Medical Device Daily Washington Editor
WASHINGTON — Thanks to Starbucks and the makers of Mr. Coffee , caffeine junkies across the globe have forgotten by now the big splash made by freeze-dried coffee several decades ago, but the underlying process, known as lyophilization, has made another splash in modern medicine.
Based on a Greek term that translates roughly as “made solvent-loving,” lyophilization has made vaccines and large-molecule hormones such as human growth hormone cheaper to keep and ship and, hence, more available to the masses. Here at the 2007 edition of the annual meeting of the Society for Nuclear Medicine (Reston, Virginia), AnazaoHealth (Tampa, Florida) reported that it can take lyophilization a step farther with a June 12 patent from the U.S. Patent and Trademark Office for a process for stabilizing and lyophilizing radiopharmaceutical agents.
A number of biologics are lyophilized and reconstituted for the end user, such as human growth hormone (HGH), an example of which is Humatrope, made by Eli Lilly (Indianapolis). However, lyophilizing a radiopharmaceutical is much more complicated because in order to produce a stable and sufficiently potent radiopharmaceutical to last for any time at all on a hospital shelf, the process has to work much more quickly.
Robert McKenzie, senior VP, brachytherapy and nuclear products, said in a statement that the “novelty in the invention is centered on the rapid cooling and removal of ambient vapor, then ultra-cold removal of [remaining] ambient vapor when the potential of explosive liquid oxygen is eliminated.”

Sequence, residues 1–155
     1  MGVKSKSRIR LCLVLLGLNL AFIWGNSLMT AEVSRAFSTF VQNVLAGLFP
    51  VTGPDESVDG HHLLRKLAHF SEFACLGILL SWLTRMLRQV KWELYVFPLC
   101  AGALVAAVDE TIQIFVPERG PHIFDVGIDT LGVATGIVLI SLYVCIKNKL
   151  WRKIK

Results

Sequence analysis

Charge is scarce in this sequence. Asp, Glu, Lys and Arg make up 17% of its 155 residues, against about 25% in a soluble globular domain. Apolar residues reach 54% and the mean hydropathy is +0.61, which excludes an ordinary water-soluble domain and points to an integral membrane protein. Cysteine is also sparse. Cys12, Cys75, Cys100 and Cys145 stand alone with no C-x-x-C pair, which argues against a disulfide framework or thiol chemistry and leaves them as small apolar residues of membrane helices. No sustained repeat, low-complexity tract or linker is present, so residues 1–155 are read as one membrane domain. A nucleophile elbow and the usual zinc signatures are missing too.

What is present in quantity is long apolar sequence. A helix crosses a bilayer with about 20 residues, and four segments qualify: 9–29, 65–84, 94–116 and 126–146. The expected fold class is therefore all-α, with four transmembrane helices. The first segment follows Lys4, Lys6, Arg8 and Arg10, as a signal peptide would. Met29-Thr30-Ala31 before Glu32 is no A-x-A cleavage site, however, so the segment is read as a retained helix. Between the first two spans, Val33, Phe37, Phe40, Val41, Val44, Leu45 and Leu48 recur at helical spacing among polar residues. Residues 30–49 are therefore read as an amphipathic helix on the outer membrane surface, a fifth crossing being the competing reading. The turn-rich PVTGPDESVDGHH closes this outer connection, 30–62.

This process renders a product that “requires no further cold or refrigerated storage subsequent to stabilization, and can be delivered nationally overnight,” McKenzie said.
One of the more interesting aspects of radiopharmaceutical manufacturing is that it allows a company to produce a radiopharmaceutical for the individual patient rather than by large-batch production, making the company a compounding pharmacy rather than an FDA-regulated maker of a drug.
“I have [to deal with] every regulatory agency except FDA,” chairman/CEO Jacob Beckel told Medical Device Daily.
While not having to deal with the FDA may make him the envy of many firms, Beckel said Anazao has “a different set of hurdles,” including having to comply with Nuclear Regulatory Commission regulations.
Brooke Schum III, a partner in the practice of Daneker, McIntire, Schumm, Prince, Goldstein, Manning & Wildman (Baltimore), said that the speed of water removal is indeed the critical feature, a process that runs three to five hours for Anazao vs 12 hours for conventional lyophilization.
The radiopharmaceuticals the firm will process will be stable enough to store on site for several days, which means the patient can miss the appointment and the hospital does not have to eat the cost of the substance as long as the patient can reschedule shortly after the original appointment.
Because room-temperature storage is appropriate for these products, the end user does not need to heat the radiopharmaceutical, which cuts down on any damage to the tagged ligand in the substance. This process is effective for radiopharmaceuticals tagged for alpha, beta and gamma emitters, many of which the company’s patent references.